Calls for papers – Conferences taking place in October 2019

“A great community”: John Ruskin’s Europe
Ca’ Foscari University, Venice, Italy, 7-9 October 2019
Deadline for proposals: 28 February 2019
One of the last of John Ruskin’s books, a collection of articles written between 1834 and 1885, is entitled On the Old Road. From Calais, where the Ruskin family disembarked for the first time in 1833, at the start of their first contintental tour, the road leads south across France and Switzerland and into Italy, coming to its end in Venice where, in 1888, Ruskin wrote the last words in his diary. The route is marked by many milestones in the life of Ruskin, in his thinking and in his work, and crosses numerous frontiers – frontiers that are often barely noticed. In traversing this vast continent, Ruskin puts behind him the narrow confines of Victorian Britain; his work shapes one of the most important founding moments in the constitution of a distinctively European culture and spirit.
This theme is a core concern of a series of recent historical and aesthetic studies which recognise the crucial importance of place, of myth, and of image in the construction of a common European fabric (see Carlo Ossola, Europa ritrovata. Geografie e miti del vecchio continente, Milan 2017; published in French as Fables d’identité. Pour retrouver l’Europe, Paris 2018; and L’Europe. Encyclopédie historique edited by Christophe Charle and Daniel Roche, Paris 2018), and of studies such as Salvatore Settis’s, Architettura e democrazia. Paesaggio, città, diritti civili (Turin 2017) which deal with key questions of cultural heritage in an interdisciplinary perspective and are driven by strong civic ethos.
On the occasion of the bicenternary of the birth of John Ruskin we invite scholars from across the disciplines to re-read his works, from the Poetry of Architecture to the Stones of Venice, the Bible of Amiens, the Oxford Lectures, St Mark’s Rest and Fors Clavigera, works which refer repeatedly to the concept of a «a great European community» (A Joy For Ever, 1857). The conference will thus build on and develop a theme to which the conference John Ruskin and 19th Century Cultural Travel held in Venice in 2008 was dedicated. In carrying forward the work begun there, this new occasion will also offer an opportunity to explore more recent readings and critical editions which have thrown light on little known aspects of Ruskin’s work, focussing new attention on mobility, both intellectual and stylistic as well a geographic. It will we believe prove fruitful to take a view from outside the confines of the nation and time into which he was born, and look at his ideas in this broader, more modern context.
This conference thus invites scholars to discover or rediscover a self-consciously European John Ruskin, and explore the multiple facets and levels – geographical, historical, critical, aesthetic, socio-political, and cultural – of an œuvre which both deliberately challenges disciplinary boundaries and breaks through national frontiers.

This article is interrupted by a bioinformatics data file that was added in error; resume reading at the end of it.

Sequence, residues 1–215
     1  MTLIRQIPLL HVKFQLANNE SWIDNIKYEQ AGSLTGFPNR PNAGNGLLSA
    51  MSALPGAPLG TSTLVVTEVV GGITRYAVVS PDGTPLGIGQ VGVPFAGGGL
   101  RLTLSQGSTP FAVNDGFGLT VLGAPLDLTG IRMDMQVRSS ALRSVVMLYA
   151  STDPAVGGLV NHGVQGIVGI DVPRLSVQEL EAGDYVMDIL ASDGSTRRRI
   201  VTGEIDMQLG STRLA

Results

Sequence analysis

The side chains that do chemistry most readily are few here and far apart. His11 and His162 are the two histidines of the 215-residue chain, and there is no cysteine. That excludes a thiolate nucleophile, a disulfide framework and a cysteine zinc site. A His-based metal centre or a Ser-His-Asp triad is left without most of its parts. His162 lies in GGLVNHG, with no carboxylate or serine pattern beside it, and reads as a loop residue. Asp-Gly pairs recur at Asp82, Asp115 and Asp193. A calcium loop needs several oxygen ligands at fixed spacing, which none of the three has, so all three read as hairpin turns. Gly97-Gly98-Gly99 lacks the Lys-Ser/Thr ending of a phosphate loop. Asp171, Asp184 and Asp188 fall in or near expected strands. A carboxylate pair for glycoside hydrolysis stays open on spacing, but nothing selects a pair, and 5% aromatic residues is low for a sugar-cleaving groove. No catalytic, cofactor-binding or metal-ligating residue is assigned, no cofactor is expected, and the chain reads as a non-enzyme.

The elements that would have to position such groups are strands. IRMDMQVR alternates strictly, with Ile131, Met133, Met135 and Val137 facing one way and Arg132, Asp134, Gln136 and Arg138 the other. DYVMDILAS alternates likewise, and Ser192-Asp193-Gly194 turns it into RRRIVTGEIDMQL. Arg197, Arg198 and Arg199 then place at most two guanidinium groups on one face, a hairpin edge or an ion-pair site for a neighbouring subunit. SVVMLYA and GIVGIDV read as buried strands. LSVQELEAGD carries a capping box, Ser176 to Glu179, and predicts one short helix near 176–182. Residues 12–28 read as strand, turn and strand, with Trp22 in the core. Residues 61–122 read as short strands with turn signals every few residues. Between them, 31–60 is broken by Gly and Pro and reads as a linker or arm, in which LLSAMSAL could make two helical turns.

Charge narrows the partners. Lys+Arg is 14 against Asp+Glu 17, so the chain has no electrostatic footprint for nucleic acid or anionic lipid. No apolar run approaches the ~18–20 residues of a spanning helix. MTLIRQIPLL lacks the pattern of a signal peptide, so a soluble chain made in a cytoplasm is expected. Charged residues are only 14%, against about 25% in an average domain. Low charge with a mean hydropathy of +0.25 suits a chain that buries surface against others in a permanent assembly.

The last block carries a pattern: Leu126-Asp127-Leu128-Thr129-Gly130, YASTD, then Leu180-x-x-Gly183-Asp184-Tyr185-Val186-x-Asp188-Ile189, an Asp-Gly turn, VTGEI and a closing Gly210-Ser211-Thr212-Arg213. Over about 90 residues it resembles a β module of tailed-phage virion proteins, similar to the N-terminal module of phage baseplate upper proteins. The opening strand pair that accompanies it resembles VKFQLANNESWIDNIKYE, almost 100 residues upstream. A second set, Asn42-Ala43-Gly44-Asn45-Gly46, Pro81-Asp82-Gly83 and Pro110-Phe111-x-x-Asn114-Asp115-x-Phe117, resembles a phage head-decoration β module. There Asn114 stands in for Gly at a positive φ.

Topics may include but are not confined to the following:
– Ruskin’s European inheritance
– Ways in which his works contribute to the construction of cultural identities both national (English, French, Italian etc) and European
– Ruskin’s view of the roles of religions and Churches in the construction of cultural identity
– Modes of circulation within Europe as evoked and described in his works
– The idea of Europe as object of nostalgia, as utopia, as long-term project
– Ruskin’s symbolic representations of European disgregation.
– Travel diaries and sketchbooks
– Maps
– Europe in its extra-European relations
– Physical geography: seas, rivers, mountain ranges and valley, forests, palins
– Political geography
– Migrations
– Cultural geography (see Denis Cosgrove’s « John Ruskin’s European Visions », 2010).
– The representation of pan-European movements (i.e. Gothic, Renaissance) and styles (Byzantine, Romanesque, Etruscan)
– Re-reading medieval and renaissance painting
– Ruskin’s reception of European literature, of the Bible, of Greek and Latin classics
– Ruskin and his network of friends and contacts in Europe
– Translation of Ruskin’s works, Ruskin and translation
– The European debate on architectural restoration
– The crafts as a model of economic development
– Teaching as a means of transmitting common values.
Organizers : Emma Sdegno, Martina Frank (Università Ca’ Foscari Venezia), Pierre-Henry Frangne (Université Rennes 2), Myriam Pilutti Namer (Scuola Normale Superiore di Pisa)
Abstracts of 300-500 words are to be sent to
They can be submitted either in English, French, German, or Italian
Deadline for submission: 28 February 2019; Acceptance to be notified by 30 April 2019
For any questions, please contact the organizers at:
Scientific Committee
Dinah Birch (University of Liverpool)
Irene Favaretto (Università degli studi di Padova; Scuola Grande di San Rocco)
Sandro G. Franchini (Istituto Veneto di Scienze, Lettere e Arti)
Pierre-Henry Frangne (Université Rennes 2)
Martina Frank (Università Ca’ Foscari Venezia)
André Hélard (Classes préparatoires Rennes)
Howard Hull (Brantwood Estate)
Cédric Michon ((Université Rennes 2)
Anna Ottani Cavina (Università di Bologna)
Myriam Pilutti Namer (Scuola Normale Superiore di Pisa)
Claude Reichler (Université de Lausanne)